I'm getting ready to launch a startup (currently have a C corp set up that I am running under). It has a platform under development, but I'm planning on having some ancilliary services to provide in order to generate some revenue (not consulting / contract programming, as I don't want to 'own a job'). I have some resources to fall back on, but unfortunately have a fairly high personal burn rate (family, mortgage, etc). I think that this can get fairly big, but am hoping not to look for outside funding and am OK if it becomes a lifestyle business. I'm only planning on looking for ourside funding if I am cash flow positive and really need it to rapidly expand sales. Should I pay myself as an employee out of the business? Live off of my savings? There is very little revenue at the present time so the point might be mute. I'm still working at my 'day job', but due to changes here don't expect that I am likely to be here much longer. Thanks in advance for some fresh insights!
It seems to me like the simple answer is... it depends.
You should pay yourself if:
You should NOT pay yourself if:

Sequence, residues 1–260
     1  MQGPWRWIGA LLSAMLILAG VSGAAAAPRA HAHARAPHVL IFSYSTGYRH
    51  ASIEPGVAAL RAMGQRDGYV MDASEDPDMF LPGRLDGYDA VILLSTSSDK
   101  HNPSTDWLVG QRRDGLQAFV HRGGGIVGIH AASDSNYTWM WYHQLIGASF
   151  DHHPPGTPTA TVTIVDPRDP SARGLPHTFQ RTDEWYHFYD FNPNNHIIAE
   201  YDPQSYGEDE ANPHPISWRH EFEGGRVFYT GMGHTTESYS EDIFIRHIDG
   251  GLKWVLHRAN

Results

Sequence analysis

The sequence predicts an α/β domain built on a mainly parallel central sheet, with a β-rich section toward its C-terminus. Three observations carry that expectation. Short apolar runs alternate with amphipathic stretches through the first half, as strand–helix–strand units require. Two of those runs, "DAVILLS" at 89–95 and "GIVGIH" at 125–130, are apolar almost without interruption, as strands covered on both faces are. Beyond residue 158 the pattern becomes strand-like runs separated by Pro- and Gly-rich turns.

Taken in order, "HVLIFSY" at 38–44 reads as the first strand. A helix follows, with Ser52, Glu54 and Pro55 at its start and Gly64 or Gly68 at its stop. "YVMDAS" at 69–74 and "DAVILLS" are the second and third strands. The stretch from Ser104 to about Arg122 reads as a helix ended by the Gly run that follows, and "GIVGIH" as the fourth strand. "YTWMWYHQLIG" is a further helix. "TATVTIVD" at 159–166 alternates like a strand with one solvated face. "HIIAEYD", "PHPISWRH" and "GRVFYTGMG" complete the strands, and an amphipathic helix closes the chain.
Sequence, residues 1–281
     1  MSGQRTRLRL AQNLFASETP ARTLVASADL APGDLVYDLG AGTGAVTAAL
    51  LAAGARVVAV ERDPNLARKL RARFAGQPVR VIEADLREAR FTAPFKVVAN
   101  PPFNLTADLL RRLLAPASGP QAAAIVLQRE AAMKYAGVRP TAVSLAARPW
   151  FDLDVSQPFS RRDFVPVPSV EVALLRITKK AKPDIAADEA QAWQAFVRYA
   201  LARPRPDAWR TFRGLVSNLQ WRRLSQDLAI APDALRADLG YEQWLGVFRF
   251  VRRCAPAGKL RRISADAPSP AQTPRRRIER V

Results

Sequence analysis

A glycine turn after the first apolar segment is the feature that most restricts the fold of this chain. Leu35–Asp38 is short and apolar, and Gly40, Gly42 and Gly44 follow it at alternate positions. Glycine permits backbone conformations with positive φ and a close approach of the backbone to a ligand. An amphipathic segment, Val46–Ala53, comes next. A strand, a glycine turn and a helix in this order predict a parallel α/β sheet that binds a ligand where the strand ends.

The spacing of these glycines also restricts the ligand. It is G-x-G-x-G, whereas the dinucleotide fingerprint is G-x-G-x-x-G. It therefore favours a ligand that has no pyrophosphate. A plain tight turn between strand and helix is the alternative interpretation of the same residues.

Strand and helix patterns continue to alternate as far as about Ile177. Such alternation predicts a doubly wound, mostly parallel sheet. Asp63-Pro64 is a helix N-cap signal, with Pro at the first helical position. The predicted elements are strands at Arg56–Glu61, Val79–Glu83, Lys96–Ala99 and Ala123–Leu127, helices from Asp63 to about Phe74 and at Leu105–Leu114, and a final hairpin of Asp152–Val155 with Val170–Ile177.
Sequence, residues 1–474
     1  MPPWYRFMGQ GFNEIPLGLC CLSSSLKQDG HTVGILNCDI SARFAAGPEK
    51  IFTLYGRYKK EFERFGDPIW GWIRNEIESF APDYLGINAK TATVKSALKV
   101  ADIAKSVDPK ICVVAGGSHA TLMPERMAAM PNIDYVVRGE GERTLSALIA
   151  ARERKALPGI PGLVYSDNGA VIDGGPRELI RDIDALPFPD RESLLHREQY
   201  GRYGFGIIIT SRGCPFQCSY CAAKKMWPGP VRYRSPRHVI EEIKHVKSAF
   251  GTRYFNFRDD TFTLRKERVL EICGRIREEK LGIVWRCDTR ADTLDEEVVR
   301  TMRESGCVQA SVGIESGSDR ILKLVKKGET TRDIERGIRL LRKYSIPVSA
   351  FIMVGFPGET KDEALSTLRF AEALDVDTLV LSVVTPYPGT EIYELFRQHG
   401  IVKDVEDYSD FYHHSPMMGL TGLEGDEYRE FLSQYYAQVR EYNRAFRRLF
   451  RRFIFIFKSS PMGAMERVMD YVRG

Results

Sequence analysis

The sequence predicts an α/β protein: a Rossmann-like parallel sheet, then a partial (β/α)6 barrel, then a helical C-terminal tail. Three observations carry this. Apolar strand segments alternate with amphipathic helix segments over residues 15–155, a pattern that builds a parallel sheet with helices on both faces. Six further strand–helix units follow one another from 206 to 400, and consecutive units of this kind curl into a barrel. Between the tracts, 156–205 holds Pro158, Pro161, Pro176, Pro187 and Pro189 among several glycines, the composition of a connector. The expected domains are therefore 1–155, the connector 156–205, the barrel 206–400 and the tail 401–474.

Sorry to hear that your day job may not be around for much longer! I would look at your question from the perspective of both self and company.
You might base your decision on:
Yes, your startup should pay you. Whether through the occasional disbursement (see S-Corp below) or a meager salary that won't drain all your cash flow, yes.
I'd recommend considering classifying as an S-Corp (rather than a C-Corp). There are likely a lot of advantages that an accountant could tell you about why it's a good idea.
I disagree completely!
I've often wondered about this question myself, and I've reached the following conclusion:
Cash is king, the blood and life of your startup. One should not look to suck the blood out one's nascent company.
No investor will ever consider putting money into a company, knowing that their hard earned money, their children's inheritance, is going to go to pay founder's salary, which will in turn go to pay for mortgage, family, etc (sic).
This is the paradox of the entrepreneur: you have a shot at being rich in the future, but you have to eat dirt the first few years, whereas a regular job will smooth out your income over your lifetime (albeit almost with 0 probability of being rich, unless you are the CEO of a failed bank and manage to get millions in bonuses)